Two years ago, on one of the coldest weekends of the year, I was at a quilting retreat in rural Sauk County. One of the women, coming in from outside, mentioned that there was a friendly kitty outside. When I took my walk-around-and-get-the-kinks-out break, I went out to see it. It was friendly, indeed -- doing figure-eights around my legs. I picked it up -- skin and bones; its spine was like the pop beads of my youth, and I could put my finger into the joint of its hip socket. It was our first day there, and the only leftovers we had were from lunch: chicken artichoke casserole. I put some on a paper plate and took it out. The kitten ravenously devoured every morsel, including the artichokes. I picked it up again, and tucked it under my coat, where it nestled in and began to purr.
My daughter-in-law Claire was with me; I asked if she would be willing to drive me and the kitten to the vet, and she agreed. We were about an hour away, and it was a little after 4 PM on a Friday, so I called the vet, said I was bringing a rescue kitty in, and if I was a few minutes late, would they wait? They said yes.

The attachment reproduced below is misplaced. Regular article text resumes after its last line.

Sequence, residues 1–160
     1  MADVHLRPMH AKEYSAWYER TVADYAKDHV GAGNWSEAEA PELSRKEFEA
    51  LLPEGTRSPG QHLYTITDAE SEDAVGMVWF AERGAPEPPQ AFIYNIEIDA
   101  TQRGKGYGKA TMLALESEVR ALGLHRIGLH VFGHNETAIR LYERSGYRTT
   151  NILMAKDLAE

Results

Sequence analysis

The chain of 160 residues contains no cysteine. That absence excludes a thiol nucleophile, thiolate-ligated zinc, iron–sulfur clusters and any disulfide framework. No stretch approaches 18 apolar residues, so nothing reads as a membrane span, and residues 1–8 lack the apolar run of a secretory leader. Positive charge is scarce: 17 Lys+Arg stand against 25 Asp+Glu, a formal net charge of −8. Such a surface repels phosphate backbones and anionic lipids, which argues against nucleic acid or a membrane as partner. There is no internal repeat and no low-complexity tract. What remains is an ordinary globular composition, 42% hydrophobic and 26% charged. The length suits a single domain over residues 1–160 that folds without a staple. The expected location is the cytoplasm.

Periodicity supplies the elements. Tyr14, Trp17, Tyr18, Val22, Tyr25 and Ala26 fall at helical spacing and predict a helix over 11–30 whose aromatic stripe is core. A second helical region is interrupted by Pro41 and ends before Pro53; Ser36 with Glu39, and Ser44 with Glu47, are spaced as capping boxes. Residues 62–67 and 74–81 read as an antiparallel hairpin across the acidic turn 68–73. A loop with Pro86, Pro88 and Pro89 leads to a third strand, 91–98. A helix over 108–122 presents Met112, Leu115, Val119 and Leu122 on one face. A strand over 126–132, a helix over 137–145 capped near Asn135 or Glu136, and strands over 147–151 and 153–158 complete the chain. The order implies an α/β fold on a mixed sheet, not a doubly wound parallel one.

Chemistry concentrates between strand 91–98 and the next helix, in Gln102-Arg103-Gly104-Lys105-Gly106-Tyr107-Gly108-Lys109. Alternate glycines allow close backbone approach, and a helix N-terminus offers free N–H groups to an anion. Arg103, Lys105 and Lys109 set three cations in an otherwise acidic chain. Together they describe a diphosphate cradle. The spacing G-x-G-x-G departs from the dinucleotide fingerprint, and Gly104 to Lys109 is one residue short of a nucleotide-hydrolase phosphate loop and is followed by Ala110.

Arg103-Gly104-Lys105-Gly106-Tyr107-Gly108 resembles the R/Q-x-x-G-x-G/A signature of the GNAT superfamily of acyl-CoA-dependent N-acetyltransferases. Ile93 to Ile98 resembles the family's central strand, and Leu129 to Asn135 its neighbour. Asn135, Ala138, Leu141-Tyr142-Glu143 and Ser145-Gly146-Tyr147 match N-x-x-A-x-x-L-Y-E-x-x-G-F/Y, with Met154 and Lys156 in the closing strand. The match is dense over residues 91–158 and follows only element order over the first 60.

Claire began the drive nervously, repeating, "That cat's going to bite you!" "No, it isn't," said I; it was curled on my lap purring like crazy. After about fifteen minutes, it went sound asleep. It was probably the first time in a long time it had been full and warm.
We got to the vet on the dot of 5 PM; I asked them to keep the cat over the weekend, have a vet check it over on Monday and test it for feline leukemia, then call me. Monday noon the vet called and said the test was negative, but the cat was starving (no kidding), had fleas and ear mites and, no doubt, worms, an infected eye and a broken tooth. Also that it was a female, about two years old, and had had kittens, which undoubtedly died because she was too thin to nurse them.
I asked the vet to deal with the fleas, the ear mites, the worms, the eye, and inoculate her against feline leukemia, and call me when I could pick her up. Then I called my husband, who was very happy having only one cat in the house. But he's also a gentle and compassionate man, and was surprisingly easy to persuade that we needed to give this kitty a good home. Here they are:
She has been a joy and the source of great entertainment -- a little clown. She's also very good with the grandkids, much more tolerant than the older cat.
Olivia has been wanting a kitty forever, so we decided that this would be her kitty that lives at Nana's house. They are quite a pair:
On these cold snowy days, I'm so glad to know this little cat is inside, warm, dry and with a full tummy.
a rescued kitty
a beautiful granddaughter
a loving husband